Omitting “that”

Omitting “That”

Some members of my critique group often return my submissions having circled every that I’ve used to introduce a noun clause.

NOTE: A noun clause is a subordinate clause that answers “what?” after a verb in another clause: “I feel that you are mistaken.” Main clause: “I feel.” Noun clause: “that you are mistaken.”

Most of the time, I agree with their judgment and remove the offending that. Sometimes, however, I choose to leave it in, even if it’s not strictly necessary.

The modern mantra of “leave out needless words” is one to observe in a general way, but it shouldn’t lead a writer to slash mindlessly at every word that can be left out just because it can be.

Plenty of guidelines are given for the inclusion or omission of that when introducing a noun clause. The recommendations of the AP Style Guide are often quoted:

• Omit that after the verb to say–“usually.”
• Do not omit that when a time element intervenes between the the verb and the dependent clause.

• Include that after the verbs advocate, assert, contend, declare, estimate, make clear, point out, propose, and state–“usually.”

• Include that before clauses beginning with conjunctions such as after, although, etc.

Recognizing the impossibility of laying down hard and fast rules for the use of that as a conjunction, the AP entry concludes with this sensible remark:

When in doubt, include that. Omission can hurt. Inclusion never does.

Fowler mentions some additional verbs that usually require a that: agree, assume, calculate, conceive, hold, learn, maintain, and suggest.

Even if a verb appears on some guide’s “OK to omit” list, writers need to be alert to the possibility that omitting a that could force a reader to stumble, as in these examples:

“The accountant has learned fractions must not appear in the totals.”
“Do you know Mary Smith has left the firm?”

“The doctor feels your leg will soon be better.”

Omitting needless words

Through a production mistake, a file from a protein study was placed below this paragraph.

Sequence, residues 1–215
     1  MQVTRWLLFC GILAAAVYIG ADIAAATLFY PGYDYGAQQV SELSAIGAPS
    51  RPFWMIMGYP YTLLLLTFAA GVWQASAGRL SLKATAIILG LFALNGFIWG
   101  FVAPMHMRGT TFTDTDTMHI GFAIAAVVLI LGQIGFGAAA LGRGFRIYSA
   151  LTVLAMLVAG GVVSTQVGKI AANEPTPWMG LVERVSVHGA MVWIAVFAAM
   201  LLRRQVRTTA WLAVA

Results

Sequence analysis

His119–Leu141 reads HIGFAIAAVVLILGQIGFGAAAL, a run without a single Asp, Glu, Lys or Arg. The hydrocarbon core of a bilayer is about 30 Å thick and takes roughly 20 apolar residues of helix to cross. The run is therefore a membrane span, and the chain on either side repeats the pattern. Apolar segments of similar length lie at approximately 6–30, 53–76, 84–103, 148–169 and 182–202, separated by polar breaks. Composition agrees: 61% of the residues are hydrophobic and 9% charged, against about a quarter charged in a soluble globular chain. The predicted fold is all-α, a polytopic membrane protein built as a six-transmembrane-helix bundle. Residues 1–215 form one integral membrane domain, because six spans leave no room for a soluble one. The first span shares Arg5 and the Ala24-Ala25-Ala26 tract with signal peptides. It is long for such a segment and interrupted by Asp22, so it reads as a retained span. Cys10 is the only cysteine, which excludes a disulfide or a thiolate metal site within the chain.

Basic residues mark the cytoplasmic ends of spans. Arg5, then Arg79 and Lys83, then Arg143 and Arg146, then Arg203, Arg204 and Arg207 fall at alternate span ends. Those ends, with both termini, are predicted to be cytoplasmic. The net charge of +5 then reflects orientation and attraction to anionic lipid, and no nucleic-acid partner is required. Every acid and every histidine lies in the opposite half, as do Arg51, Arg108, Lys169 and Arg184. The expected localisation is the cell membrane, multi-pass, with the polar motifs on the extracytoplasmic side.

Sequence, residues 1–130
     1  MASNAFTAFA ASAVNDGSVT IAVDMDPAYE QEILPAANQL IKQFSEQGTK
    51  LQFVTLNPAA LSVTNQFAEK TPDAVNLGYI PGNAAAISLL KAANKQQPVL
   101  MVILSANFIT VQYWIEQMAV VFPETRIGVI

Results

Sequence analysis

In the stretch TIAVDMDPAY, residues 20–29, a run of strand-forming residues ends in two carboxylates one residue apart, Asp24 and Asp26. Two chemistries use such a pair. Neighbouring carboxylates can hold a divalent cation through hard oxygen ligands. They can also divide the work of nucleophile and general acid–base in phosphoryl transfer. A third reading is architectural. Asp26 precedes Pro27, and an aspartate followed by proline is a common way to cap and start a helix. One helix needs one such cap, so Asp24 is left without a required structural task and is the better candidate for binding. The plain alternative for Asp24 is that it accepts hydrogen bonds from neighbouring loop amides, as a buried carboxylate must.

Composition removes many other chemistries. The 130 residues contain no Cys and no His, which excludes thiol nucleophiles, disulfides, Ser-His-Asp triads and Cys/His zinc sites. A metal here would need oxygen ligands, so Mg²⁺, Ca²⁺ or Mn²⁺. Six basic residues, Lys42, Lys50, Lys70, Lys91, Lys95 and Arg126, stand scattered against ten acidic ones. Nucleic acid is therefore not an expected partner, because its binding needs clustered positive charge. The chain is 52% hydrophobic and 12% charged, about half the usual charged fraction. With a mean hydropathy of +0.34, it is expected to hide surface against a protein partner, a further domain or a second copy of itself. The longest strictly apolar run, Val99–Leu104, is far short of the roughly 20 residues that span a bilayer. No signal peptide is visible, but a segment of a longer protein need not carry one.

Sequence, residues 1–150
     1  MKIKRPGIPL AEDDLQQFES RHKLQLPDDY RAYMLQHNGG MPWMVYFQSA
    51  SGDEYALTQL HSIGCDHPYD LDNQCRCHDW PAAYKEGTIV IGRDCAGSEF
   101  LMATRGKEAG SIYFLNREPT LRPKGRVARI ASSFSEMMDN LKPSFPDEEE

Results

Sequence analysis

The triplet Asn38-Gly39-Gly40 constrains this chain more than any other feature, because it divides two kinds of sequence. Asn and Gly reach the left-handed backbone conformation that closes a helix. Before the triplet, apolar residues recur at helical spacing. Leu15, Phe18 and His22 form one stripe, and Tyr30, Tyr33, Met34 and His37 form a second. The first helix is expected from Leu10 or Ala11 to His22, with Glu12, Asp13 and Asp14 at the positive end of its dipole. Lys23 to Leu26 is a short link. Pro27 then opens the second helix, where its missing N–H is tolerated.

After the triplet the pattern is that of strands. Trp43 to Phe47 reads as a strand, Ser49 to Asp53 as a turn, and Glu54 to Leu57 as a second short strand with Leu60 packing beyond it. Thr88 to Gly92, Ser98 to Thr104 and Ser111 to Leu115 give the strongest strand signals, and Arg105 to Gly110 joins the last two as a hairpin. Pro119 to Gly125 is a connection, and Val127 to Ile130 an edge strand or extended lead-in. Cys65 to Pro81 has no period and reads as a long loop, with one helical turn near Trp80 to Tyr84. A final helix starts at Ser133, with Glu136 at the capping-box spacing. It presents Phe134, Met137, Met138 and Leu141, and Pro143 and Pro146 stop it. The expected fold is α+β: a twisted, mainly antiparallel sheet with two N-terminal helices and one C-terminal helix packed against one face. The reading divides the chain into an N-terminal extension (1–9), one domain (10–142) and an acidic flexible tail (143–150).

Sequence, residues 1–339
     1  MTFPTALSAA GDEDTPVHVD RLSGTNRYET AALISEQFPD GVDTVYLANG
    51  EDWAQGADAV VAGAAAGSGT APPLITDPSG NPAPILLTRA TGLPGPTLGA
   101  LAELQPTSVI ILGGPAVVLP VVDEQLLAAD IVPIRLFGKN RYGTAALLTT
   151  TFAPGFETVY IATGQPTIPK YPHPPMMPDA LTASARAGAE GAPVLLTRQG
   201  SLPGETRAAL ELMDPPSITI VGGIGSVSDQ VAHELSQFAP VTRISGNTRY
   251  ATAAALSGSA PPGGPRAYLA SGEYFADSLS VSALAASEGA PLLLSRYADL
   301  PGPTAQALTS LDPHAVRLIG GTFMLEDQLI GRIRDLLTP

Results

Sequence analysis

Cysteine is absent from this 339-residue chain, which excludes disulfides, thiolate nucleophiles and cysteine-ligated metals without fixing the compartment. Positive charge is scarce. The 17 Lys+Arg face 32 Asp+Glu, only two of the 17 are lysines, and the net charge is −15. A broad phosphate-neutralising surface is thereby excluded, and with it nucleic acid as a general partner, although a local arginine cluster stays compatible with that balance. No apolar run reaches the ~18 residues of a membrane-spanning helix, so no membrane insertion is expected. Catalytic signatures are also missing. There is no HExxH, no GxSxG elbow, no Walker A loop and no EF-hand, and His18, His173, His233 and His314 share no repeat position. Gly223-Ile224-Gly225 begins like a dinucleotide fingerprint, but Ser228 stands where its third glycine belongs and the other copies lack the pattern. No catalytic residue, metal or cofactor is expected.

Academic and administrative texts are often characterized by verbiage—the use of more words than are needed to express an idea. Verbiage does nothing but hide the real message of the text under a load of needless words, frustrate and dispirit the reader, and weaken the credibility of the author.

Omitting “That”

By Marina Pantcheva

Verbiage is usually caused by two things: the use of needless words and the unnecessary repetition of (parts of the) meaning.

For example, using it is often the case that  instead of often is verbiage caused by the use of needless words. The expression excessive verbiage is verbiage, too, because the word verbiage means ‘excessive use of words.

’ Thus, excessive verbiage means ‘excessive excessive use of words,’ and part of the meaning is repeated.

The most notorious participant in verbose expressions is the word fact. It can nearly always be omitted.

despite the fact that

  • due to the fact that
  • given the fact that
  • in spite of the fact that
  • in the light of the fact that
  • in view of the fact that
  • owing to the fact that
  • regardless of the fact that
  • the fact that
  • to be aware of the fact that
  • to call someone’s attention to the fact

  1. because
  2. as, since
  3. although
  4. since, because
  5. as, because
  6. since, because
  7. although
  8. delete
  9. to be aware that/to know that
  10. to remind someone that/notify someone

Other empty words are matter, case, and majority. Sometimes, they are meaningful and hence cannot be eliminated, but often they are unnecessary for the understanding of the text.

if this is not the case
if this is the case
it is rarely the case that
if not
if so
as a matter of fact
the fact of the matter is
in fact
the fact is or omit the whole expression
in the majority of instances
the (vast) majority of

Here is a list of verbose expressions commonly found in academic texts.